Former Senior Minister of State Sidek Saniff paid tribute to Singapore’s founding Prime Minister Lee Kuan Yew in a eulogy at the State Funeral on Sunday (Mar 29)
His eulogy, translated from Malay, is reproduced below:
When Mr Lee Kuan Yew asked me to stand as a candidate in the 1976 General Elections, I was surprised. My decision to accept his offer to stand as a PAP candidate created quite a stir in the Malay community. Just a few years earlier, I had expressed differing views from the Government about education.
He was a tough taskmaster but always full of advice. Never waffle, he would say. Be open. Be attentive, firm. But above all, be polite. His advice was to concentrate on education. This would ensure our children would go on to become trustworthy trustees of our nation, he argued. I am most grateful to Mr Lee for fully supporting the formation of the Mendaki foundation.
In 1979, when I was to accompany Hon Sui Sen, then Minister of Finance, to China, Mr Lee asked me if I could take the cold Chinese winter. ‘Do you have an overcoat?’ he asked. I said that I would buy one. ‘No, don’t waste money,’ he replied. After pausing, he said: ‘Ahmad Mattar has a good overcoat. Borrow from him.’
“What about boots to cover your shoes for walking?” he continued. I said I didn’t have any but I would buy a pair. ‘No, no don’t waste money.’ He paused. ‘Borrow from Chok Tong!’ So off I went to China with a borrowed overcoat and a borrowed pair of boots!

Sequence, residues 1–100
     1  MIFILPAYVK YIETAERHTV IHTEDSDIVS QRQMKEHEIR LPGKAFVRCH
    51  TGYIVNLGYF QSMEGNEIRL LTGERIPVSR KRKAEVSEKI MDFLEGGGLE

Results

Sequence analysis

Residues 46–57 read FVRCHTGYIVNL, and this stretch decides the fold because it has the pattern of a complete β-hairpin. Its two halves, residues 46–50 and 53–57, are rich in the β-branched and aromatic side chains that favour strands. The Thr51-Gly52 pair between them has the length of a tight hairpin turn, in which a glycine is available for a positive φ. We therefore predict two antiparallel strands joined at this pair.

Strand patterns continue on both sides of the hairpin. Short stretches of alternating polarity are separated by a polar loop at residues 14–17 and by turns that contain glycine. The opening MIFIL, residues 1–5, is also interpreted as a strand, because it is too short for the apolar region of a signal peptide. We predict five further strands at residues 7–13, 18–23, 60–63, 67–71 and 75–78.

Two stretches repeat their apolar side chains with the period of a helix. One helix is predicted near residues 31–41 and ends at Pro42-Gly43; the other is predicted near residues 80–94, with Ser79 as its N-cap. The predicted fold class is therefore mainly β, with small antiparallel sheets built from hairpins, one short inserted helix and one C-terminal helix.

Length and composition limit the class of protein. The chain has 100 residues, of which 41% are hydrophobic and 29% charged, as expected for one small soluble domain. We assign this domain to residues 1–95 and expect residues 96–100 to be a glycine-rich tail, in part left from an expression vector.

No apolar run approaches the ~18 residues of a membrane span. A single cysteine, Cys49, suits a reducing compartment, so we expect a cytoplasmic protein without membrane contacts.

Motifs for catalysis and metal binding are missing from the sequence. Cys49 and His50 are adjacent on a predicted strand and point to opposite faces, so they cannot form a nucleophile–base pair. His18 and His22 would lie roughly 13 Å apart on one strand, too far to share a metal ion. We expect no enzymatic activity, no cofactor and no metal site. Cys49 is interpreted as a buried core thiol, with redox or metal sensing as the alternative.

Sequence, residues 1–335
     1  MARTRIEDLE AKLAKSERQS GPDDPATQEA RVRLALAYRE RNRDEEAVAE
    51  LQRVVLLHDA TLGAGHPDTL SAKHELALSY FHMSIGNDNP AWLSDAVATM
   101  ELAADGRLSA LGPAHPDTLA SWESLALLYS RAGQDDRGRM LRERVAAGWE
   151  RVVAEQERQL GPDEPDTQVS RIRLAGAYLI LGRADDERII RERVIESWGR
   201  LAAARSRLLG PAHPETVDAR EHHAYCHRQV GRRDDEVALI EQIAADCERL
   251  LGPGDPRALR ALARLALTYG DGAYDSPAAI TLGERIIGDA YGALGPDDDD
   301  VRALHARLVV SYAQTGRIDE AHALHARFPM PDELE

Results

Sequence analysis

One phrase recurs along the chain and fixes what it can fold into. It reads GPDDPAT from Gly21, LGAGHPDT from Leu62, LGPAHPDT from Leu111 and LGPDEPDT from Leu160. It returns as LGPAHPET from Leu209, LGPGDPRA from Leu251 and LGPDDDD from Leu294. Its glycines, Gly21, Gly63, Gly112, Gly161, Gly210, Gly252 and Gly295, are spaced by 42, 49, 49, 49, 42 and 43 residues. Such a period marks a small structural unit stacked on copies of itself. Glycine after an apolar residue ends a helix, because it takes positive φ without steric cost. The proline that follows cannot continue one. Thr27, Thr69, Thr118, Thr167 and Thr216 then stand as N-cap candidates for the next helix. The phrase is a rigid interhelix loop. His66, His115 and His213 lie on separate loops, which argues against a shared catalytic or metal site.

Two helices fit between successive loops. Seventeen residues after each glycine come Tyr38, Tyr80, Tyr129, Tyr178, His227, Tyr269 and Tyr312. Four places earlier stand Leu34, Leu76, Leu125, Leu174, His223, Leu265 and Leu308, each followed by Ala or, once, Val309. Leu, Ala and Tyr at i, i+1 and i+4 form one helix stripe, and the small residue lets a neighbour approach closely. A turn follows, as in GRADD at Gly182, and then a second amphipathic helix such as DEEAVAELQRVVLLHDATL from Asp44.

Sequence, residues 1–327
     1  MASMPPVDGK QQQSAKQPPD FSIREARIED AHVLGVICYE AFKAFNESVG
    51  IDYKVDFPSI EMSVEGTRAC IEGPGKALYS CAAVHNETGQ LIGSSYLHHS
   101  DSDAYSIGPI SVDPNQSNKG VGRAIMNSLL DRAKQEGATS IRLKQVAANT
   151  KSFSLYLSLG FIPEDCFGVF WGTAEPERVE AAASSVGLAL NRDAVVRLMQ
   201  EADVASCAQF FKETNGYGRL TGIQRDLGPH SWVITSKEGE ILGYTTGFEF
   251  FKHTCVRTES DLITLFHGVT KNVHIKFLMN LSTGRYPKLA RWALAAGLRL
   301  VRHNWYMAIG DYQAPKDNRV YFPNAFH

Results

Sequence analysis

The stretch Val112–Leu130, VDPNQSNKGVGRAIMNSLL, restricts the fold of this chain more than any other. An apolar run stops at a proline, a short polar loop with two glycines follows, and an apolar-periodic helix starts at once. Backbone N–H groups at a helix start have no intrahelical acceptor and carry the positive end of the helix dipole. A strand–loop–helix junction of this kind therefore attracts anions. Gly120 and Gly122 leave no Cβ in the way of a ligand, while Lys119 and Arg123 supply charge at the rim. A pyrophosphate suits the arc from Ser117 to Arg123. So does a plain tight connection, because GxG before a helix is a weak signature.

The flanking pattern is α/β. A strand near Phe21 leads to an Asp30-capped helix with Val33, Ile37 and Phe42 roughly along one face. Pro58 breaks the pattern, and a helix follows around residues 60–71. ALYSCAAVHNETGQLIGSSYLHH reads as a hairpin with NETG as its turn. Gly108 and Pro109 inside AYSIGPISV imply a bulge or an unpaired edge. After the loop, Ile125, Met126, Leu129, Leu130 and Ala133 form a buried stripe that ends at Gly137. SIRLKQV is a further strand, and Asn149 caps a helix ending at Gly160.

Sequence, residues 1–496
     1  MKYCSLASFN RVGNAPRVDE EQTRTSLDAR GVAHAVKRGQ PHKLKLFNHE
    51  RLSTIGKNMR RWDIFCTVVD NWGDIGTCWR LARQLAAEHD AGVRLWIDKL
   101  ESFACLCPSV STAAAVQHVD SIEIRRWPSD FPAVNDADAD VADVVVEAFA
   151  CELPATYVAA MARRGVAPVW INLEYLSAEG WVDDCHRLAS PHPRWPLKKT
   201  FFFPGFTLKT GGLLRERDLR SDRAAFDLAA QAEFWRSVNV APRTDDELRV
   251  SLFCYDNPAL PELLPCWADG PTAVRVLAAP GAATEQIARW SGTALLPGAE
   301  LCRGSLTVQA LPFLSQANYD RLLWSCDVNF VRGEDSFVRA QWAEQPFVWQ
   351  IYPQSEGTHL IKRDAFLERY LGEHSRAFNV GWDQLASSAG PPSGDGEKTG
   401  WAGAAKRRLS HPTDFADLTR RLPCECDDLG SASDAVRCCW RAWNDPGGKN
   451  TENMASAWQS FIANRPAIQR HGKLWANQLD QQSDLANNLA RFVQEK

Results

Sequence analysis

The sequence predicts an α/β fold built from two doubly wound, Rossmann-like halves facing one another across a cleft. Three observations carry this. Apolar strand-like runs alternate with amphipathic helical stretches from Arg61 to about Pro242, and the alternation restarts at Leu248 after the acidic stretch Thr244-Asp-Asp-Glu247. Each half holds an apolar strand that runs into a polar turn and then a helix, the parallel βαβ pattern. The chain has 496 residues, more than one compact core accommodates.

Mr Lee believed in frugality, both in his personal life as well as nationally. And he walked the talk. This episode is an example, and also showed his fatherly character and sharp eye for detail.
Speaking of not being wasteful, Mr Lee disliked wasting time. He was not one to procrastinate. In late 2010, when I presented him with a copy of my book of speeches and news articles entitled ‘The Singapore Malay Paradigm’, he sent me a personal note of ‘Best Wishes’ a few days later. I felt touched by his gesture and replied that the book would not have been possible but for Mr Lee’s foresight. He responded on that very day itself, with his own handwriting. He said: ‘Thank you, Sidek’.
I had several opportunities to accompany him abroad. When he travelled to Israel and Jordan in 1995, I was on the Singapore delegation. Israeli Prime Minister Yitzhak Rabin and Jordan’s King Hussein both entertained us in their respective homes. This was a classic example of Jewish and Arab hospitality: It was appreciation and respect being bestowed on our former PM. Respect tinted in gold.
Fellow Singaporeans, today we register our deepest respect and appreciation to this great man. Mr Lee was the embodiment of the term ‘statesman’. Someone who comes along once every few decades to make an indelible mark on society and the world at large.
To his family, the Nation shares the sorrow that you feel. Please accept our heartfelt condolences. May you be consoled in the knowledge that our founding father, your father, had lived a long and meaningful life. Singaporeans are indeed indebted to him.
Let me recite a Malay pantun or short poem: Pisang emas dibawa belayar Masak sebiji diatas peti Hutang emas boleh dibayar Hutang budi dibawa mati. A Malay quatrain which means that monetary debts can be paid off, but debts of good deeds cannot be repaid. A person brings such debts to his grave.
There is also a Malay saying or pepatah Melayu: “Harimau mati tinggalkan belang, manusia mati tinggalkan nama”, that means a person who has done many great deeds will always be remembered.
Mr Lee, we would like to assure you that your legacy remains intact. We shall always cherish your advice, especially in governing. You said: “If you want to be popular all the time, you will misgovern”. And you always urged us to be pragmatic. And above all, you insisted we remain honest and clean. Two characteristics that have deep solid meaning.
PM, SM, MM, farewell.
Farewell, my friend. Farewell.
Source link :‘He walked the talk’: Former Senior Minister of State Sidek Saniff’s eulogy for Mr Lee Kuan Yew